Hussein Ibish

Can Tunisia win against both autocrats and theocrats?

The recent grassroots uprising against the government in Tunisia, unprecedented in recent Arab history, has been the source of an enormous outpouring of both hope and fear throughout the region. While almost all Arab political leaders have life terms, ex-President Zein El-Abedine Ben Ali was basically chased out of his country and his office by a largely unorganized, spontaneous and diverse outpouring of outrage from a very wide segment of the population.
The wildest hopes are that “people’s power” will now spread throughout the Arab world, bringing down a series of autocrats and dictatorships. It’s certainly possible that the Tunisian experience could be, if not replicated, at least influential in some neighboring countries. Algeria, Libya, and to some extent Egypt, are all ripe for similar outpourings of popular outrage. Morocco seems somewhat more stable, and the Southwest Asian part of the Arab world seems even further removed from a potential ripple effect for the foreseeable future.
But what exactly is happening in Tunisia is not at all clear. Ben Ali has gone, probably for good. However, at the time of writing this article, many figures from the old regime have retained positions in the new transitional government, including Prime Minister Mohammed Ghannouchi, although thousands are protesting for his resignation.
The rhetoric of most of the key figures in the protests, particularly the General Union of Tunisian Workers, has suggested that their aim is neither limited to removing a few individual politicians, nor achieving a social revolution. There has been a general welcoming of the transitional government’s announcement of a “total break” with the Ben Ali era, new elections, and reforms such as the end of censorship, the legalization of political parties, and the release of political prisoners.
What the transitional government is promising is a series of wide-ranging liberal reforms and democratization – precisely what Arab liberals and centrists, and many of those who took part in the uprising, say they want. The question is whether or not they will follow through on any of this, or simply slide back into a form of modified autocracy.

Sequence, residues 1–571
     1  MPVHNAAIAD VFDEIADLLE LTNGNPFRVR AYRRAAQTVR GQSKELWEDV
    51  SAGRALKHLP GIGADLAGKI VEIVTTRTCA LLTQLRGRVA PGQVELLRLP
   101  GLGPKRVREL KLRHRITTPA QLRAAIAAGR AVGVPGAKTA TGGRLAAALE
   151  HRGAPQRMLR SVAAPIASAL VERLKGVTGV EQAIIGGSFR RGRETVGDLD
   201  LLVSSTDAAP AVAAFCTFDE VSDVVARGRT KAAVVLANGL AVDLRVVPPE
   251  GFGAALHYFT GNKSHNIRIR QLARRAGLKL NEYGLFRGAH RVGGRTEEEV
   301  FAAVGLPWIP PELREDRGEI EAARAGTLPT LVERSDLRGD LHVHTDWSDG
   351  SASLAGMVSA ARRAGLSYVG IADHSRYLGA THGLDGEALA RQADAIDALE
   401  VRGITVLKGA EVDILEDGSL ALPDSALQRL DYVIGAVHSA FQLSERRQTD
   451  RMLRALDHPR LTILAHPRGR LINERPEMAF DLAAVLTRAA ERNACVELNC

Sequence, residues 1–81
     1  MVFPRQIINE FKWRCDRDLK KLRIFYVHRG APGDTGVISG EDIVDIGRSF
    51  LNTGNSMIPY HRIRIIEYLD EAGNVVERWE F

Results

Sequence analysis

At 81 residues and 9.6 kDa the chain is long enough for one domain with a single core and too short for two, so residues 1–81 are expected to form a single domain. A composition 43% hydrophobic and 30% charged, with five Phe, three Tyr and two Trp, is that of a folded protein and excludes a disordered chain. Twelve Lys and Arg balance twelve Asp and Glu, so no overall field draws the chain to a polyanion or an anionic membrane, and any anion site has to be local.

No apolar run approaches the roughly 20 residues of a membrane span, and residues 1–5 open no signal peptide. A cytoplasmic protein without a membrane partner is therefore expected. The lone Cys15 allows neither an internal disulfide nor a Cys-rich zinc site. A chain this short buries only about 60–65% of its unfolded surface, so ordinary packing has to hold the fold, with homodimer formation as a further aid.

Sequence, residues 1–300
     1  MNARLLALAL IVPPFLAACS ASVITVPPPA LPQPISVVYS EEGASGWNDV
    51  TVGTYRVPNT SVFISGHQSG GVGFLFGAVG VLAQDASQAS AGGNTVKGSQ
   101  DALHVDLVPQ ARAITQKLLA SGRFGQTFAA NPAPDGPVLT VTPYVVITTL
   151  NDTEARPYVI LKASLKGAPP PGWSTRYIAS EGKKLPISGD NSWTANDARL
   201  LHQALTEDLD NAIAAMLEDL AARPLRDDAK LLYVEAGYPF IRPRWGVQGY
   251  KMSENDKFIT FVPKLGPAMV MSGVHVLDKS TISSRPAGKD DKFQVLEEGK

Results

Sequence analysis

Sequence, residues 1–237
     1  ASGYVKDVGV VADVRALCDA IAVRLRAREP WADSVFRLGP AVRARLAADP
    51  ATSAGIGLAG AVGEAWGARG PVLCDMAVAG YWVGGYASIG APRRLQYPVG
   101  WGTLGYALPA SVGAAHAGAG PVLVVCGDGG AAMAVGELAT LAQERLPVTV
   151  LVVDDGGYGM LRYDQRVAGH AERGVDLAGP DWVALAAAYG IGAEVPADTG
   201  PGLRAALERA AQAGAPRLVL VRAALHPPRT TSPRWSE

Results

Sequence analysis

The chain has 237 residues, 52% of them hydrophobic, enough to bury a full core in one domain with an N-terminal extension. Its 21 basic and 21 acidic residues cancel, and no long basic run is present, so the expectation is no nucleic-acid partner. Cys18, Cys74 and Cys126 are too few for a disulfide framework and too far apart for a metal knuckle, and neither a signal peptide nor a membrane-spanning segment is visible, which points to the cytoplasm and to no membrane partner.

It’s possible to view Ben Ali as simply an incompetent dictator, too rigid and inflexible to accommodate discontent when it started to overflow. But by most Arab standards, Tunisia actually permitted a fairly robust civil society, in spite of the dictatorship. Other Arab regimes could unfortunately conclude that Ben Ali was actually too liberal and allowed excessive space beyond government-controlled structures or the difficult-to-contain religious sphere. They might decide that more and not less repression is the proper vaccination against the Tunisian uprising virus.
Another danger is that whatever reforms the transitional regime actually follows through on, including the promised elections, these will fail to restore stability, so that the growing power vacuum might ultimately be filled by Islamists or other extremists. If this is the ultimate outcome of the Tunisian upheaval, it will probably terrify both Arab governments and mainstream societies, again increasing the likelihood of ever-greater repression in the region and strongly discouraging other Arab peoples to emulate the Tunisian experiment.
If events in Tunisia are to have a lasting, positive regional impact, it is vital that they be driven by the principles of peaceful change, pluralism and democratic inclusivity. This would prove the viability of liberal, democratic reform without violence. Such reform would also demonstrate that Arab political space can be opened up without the seizure of power by Islamists. And it should begin the development of an inclusive political system starting with an election – perhaps, as some are suggesting, in as little as 45 days – for which the country may not quite be ready, but which should pave the way for a regular transfer of power through routine voting.
The people of Tunisia, without any central leadership, rose up and asserted their status and rights as citizens. The concept of citizenship, with interlocking rights and responsibilities, is not part of contemporary Arab culture, where ordinary people are generally seen as subjects to be managed. But now Tunisians are demanding political pluralism, social inclusivity and the respect of individual rights based on citizenship.
The Tunisian rebellion appears to have been driven by principles essential for the development of a moderate, centrist Arab reform movement that replaces an old order that is moribund, if not one that is already dead, and avoids a new order controlled by religious fanatics. These principles are democratic and pluralistic political reform; inclusivity and individual rights for citizens; and the peaceful transition of power through elections and legitimate, unarmed political engagement, including nonviolent protest.
If Tunisians succeed in seizing this moment to push forward those three principles, even gradually, and ridding themselves of the old dictatorship while fending off a grab for power by Islamists, they will have finally given the Arab world a desperately-needed third way. They would prove it is possible for an Arab society to reject both autocrats and theocrats in favor of liberals, centrists and democrats.

Hussein Ibish is a senior research fellow at the American Task Force on Palestine and blogs at www.Ibishblog.com